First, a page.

The coexistence of vascular lesions with PNF could be explained based on several reasons: (a) Schwann cells have angiogenic potential and blood vessel formation can be stimulated by a number of polypeptides, including angiogenin, transforming growth factors α and β, epidermal growth factor, and the fibroblast growth factors; additionally, less well-characterized angiogenic factors have also been described. In NF1, expression of these factors on neurofibroma cells can be found in almost all tissues but most frequently in the brain, spinal cord, and peripheral nervous system. (b) However, the underlying connection between NF1 and vascular lesions is more likely to be derived from the germline mutation causing NF1. Neurofibromin 1 activates Ras-Guanosine Triphosphatase (Ras-GTPase) resulting in abnormal signal transduction. RASA1, another Ras GTPase activator, which when mutated is associated with conditions resulting in AVMs (e.g., CM-AVM syndrome). Therefore, the two entities (PNF and AVM) occurring together spatially are likely to be related to each other.
While coincidence of PNF with AVM is very rare, such associations have been found previously on the scalp;[6,7] however, surprisingly, in our case it was located on the right flank of the patient without any invasion to or origin from the spinal cord. AVM of the brain and spinal cord in NF1, although rare, is not an uncommon association and has been described in previous reports.[8,9] They tend to be clinically silent lesions and symptoms vary depending on their type, size, and location. AVMs are usually congenital in origin but may be followed by trauma. In our patient, either origin could not be concluded definitely because it is not known whether AVM was present since birth or it formed later in recent years.
In radiological evaluation, confusion of AVM with neurofibroma may occur because of high vascularity of some neurofibromas, as well as similar appearances of neurofibroma and distended vessels as dumbbell-shaped masses in MRI. However, a distinct flow-related signal void usually indicates AVM, as was reported in our case.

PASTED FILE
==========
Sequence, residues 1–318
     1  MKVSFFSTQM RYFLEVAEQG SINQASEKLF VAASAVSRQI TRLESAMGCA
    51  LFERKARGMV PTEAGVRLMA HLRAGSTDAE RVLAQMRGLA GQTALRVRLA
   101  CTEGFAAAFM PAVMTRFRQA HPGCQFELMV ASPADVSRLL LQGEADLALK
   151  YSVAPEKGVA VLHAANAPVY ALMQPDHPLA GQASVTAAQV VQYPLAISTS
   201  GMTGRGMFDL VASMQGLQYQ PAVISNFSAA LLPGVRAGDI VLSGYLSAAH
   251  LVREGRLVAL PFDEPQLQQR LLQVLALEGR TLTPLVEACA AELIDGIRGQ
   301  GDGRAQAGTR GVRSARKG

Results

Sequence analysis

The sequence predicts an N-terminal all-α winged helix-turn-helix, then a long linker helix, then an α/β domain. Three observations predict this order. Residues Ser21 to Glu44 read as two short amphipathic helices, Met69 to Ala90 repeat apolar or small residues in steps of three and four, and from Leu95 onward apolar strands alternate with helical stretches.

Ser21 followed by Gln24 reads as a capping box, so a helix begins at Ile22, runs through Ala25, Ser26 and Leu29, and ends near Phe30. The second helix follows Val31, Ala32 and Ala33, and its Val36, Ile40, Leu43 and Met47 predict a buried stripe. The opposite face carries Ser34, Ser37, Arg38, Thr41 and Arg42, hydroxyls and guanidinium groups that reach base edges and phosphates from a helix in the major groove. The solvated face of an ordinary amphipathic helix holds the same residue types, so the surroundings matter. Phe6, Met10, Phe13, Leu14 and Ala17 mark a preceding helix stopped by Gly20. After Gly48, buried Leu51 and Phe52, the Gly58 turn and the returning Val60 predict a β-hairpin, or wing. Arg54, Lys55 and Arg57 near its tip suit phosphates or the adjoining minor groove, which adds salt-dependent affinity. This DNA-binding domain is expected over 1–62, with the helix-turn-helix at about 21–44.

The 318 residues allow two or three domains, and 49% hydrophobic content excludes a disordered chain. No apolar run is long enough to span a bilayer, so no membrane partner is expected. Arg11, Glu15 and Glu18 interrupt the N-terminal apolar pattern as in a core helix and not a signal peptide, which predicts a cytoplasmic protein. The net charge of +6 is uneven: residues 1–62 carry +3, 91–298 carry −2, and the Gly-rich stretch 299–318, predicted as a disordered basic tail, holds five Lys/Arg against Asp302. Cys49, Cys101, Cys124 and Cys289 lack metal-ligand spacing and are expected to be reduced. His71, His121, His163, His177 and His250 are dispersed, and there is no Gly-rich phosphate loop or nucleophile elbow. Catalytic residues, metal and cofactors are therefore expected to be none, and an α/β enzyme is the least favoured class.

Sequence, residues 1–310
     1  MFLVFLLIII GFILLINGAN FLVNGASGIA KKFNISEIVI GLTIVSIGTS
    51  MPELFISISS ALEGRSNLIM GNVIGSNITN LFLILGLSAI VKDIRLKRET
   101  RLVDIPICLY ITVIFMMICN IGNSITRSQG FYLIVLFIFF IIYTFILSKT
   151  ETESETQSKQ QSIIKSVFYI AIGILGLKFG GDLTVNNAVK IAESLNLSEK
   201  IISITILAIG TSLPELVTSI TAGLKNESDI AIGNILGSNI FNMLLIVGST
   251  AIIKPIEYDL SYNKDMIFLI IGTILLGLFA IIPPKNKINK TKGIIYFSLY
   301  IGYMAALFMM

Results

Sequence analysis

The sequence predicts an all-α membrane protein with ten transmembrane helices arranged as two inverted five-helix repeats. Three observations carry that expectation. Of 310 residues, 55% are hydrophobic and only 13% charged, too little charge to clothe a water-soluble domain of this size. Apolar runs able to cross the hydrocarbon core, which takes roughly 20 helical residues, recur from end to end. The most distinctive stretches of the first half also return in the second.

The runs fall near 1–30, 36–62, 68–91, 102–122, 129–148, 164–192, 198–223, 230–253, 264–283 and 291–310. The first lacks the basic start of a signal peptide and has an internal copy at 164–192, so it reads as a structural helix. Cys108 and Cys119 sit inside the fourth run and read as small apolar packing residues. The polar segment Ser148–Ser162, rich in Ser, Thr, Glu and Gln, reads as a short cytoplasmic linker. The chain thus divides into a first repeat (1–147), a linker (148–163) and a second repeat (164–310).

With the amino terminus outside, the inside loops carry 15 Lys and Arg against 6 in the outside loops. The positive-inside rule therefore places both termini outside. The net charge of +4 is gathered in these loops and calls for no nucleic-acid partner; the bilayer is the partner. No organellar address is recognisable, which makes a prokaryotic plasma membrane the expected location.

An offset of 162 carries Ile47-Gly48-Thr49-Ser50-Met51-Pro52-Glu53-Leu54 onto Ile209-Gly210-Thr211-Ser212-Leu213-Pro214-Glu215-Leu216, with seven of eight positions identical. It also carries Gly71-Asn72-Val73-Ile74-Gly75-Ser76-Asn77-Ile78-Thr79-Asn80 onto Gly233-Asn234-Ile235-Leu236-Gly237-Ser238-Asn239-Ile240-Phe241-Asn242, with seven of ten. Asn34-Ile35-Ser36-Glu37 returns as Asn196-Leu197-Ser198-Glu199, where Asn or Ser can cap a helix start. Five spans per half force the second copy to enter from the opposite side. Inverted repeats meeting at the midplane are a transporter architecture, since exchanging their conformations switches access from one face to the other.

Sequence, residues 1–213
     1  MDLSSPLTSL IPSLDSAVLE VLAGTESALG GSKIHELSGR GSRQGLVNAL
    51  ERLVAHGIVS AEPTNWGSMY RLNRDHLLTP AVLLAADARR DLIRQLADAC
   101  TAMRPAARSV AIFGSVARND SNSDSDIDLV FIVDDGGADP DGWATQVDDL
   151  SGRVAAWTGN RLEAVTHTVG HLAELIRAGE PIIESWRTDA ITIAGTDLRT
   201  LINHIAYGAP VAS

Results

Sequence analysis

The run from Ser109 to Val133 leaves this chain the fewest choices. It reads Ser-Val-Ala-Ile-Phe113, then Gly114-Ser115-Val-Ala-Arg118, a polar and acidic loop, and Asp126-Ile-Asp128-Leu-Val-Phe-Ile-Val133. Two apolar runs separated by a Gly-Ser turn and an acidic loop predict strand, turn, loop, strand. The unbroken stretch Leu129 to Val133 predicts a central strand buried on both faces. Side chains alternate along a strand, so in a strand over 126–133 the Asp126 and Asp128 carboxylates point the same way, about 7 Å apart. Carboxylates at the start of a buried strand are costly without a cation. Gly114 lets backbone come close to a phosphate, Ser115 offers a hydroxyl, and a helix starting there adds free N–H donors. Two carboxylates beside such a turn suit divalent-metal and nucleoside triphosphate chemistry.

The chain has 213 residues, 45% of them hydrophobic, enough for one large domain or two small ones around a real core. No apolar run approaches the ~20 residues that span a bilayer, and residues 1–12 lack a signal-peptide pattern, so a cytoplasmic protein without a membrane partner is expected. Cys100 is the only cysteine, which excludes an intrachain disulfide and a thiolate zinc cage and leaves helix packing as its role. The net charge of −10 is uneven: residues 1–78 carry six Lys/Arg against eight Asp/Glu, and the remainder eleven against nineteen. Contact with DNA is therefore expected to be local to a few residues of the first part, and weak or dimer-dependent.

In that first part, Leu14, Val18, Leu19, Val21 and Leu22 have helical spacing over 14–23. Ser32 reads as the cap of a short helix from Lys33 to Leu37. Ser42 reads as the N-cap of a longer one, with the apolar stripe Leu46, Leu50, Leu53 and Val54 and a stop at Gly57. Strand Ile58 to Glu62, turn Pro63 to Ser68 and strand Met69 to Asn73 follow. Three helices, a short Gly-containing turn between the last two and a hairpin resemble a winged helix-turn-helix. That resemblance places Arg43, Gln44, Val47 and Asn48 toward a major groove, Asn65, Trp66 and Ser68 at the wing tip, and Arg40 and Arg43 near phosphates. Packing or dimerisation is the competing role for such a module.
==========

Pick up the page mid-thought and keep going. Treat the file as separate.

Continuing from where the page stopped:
Treatment of such cases is another challenge for dermatologists and surgeons. These lesions require complex preoperative and postoperative management strategies. Surgical treatment must be decided judiciously and individualized for each patient, and extreme caution should be exercised during surgery. Preoperative embolization can be employed in giant lesions to assist hemostasis during surgical resection because highly fragile vascularity of such lesions can cause intraoperative hemorrhage. In our patient, the mass was excised because of its rapid symptomatic growth to avoid future complications and restore partially normal appearance. In this case, the impression of AVM and PNF appear to be interlinked to each other due to complex deranged hypervascular nature of neurofibromas and correlated RASopathies, however, they may be separate entities located at the same site coincidently.
The present case illustrates a unique but literally expected coincidence of PNF and AVM at the same site. If such an association is left undiagnosed it can lead to dangerous bleeding and hypovolemic shock due to highly fragile vascular bed. A proper and accurate diagnostic and surgical management of such lesions is warranted.
There are no conflicts of interest.
The authors wish to thank Dr. Parisa Karami, Radiologist for her support in radiological imaging illustration.